In “Bullying Explains Only Part of LGBTQ–Heterosexual Risk Disparities: Implications for Policy and Practice,” Robinson and Espelage found that LGBTQ-identified students were 3.3 times as likely to think about suicide, 3 times as likely to attempt suicide, and 1.4 times as likely to skip school as heterosexual students within the same school who reported equivalent levels of peer victimization.
“Our research suggests that LGBTQ identification remains a unique predictor of risk after accounting for peer victimization, raising concerns about policies that focus almost exclusively on bullying prevention to address LGBTQ-heterosexual risk disparities,” the authors report. Their research sample included 11,337 students in Grades 7 through 12 from 30 schools in Dane County, Wisconsin.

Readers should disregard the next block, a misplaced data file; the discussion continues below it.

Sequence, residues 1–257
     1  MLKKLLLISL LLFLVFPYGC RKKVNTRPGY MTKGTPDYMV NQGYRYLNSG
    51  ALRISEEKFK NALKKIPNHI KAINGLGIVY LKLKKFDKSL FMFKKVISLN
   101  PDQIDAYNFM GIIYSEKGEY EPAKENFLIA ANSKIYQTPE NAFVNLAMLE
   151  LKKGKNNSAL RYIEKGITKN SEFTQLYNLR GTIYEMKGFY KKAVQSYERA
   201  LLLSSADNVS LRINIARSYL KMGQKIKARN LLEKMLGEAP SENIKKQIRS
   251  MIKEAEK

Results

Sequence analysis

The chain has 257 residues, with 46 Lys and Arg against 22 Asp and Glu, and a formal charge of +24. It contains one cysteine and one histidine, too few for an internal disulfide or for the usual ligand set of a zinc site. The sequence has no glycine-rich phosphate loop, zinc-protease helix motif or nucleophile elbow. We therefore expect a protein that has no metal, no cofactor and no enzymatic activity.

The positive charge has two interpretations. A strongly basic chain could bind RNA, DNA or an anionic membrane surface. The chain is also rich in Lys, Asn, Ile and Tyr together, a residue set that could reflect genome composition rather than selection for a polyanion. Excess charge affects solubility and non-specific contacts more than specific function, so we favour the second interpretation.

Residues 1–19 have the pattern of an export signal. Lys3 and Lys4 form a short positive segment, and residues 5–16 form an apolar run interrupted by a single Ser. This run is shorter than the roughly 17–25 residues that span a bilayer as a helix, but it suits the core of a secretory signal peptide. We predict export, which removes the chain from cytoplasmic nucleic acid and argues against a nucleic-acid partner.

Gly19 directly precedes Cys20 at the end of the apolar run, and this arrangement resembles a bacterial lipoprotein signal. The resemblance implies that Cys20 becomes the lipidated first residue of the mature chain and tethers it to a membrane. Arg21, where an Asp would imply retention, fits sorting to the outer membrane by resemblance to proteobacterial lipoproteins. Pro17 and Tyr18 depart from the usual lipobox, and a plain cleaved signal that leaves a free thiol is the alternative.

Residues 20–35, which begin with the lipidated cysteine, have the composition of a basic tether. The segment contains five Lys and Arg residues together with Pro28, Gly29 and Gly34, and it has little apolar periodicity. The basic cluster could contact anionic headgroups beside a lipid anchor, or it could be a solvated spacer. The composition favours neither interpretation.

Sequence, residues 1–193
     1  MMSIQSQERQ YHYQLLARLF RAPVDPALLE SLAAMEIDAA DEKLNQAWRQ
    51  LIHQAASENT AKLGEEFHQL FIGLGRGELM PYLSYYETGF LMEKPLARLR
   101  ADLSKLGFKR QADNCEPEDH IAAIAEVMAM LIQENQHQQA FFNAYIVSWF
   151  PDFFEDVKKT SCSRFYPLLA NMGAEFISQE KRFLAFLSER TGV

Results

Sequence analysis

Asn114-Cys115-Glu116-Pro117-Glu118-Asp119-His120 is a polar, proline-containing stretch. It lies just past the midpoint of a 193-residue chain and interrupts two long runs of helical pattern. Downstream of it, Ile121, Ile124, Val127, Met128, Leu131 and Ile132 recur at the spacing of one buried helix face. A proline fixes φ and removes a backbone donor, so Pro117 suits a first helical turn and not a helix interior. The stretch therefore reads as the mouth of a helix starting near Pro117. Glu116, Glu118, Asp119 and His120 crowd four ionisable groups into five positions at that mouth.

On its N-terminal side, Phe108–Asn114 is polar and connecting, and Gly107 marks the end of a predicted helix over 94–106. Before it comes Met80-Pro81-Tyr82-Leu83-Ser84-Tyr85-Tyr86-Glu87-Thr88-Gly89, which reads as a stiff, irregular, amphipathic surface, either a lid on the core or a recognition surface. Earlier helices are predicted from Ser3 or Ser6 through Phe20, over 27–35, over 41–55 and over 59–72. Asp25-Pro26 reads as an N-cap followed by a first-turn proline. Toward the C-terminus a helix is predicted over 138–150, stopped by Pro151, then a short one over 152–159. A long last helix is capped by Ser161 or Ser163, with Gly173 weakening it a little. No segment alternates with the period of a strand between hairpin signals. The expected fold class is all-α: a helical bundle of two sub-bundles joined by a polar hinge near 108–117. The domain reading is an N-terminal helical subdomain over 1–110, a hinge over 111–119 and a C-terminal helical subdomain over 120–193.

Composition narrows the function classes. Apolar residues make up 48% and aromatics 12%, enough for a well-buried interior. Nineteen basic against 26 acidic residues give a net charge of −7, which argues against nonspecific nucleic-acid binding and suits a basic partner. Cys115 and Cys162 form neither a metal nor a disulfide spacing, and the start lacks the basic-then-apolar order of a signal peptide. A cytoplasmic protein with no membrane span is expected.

This research has direct implications for bullying prevention programs. It suggests that efforts to reduce bullying that avoid mention of sexual orientation may be insufficient to create supportive learning environments for sexual minorities. Addressing victimization and ignoring other aspects of the schooling environment is unlikely to eliminate disparities in suicide-related outcomes.
The full text content of this article from the November Educational Researcher is available online. Read prior work by Joseph Robinson and Dorothy Espelage published in Educational Researcher. View Espelage as she discusses the international scholarship on school bullying.
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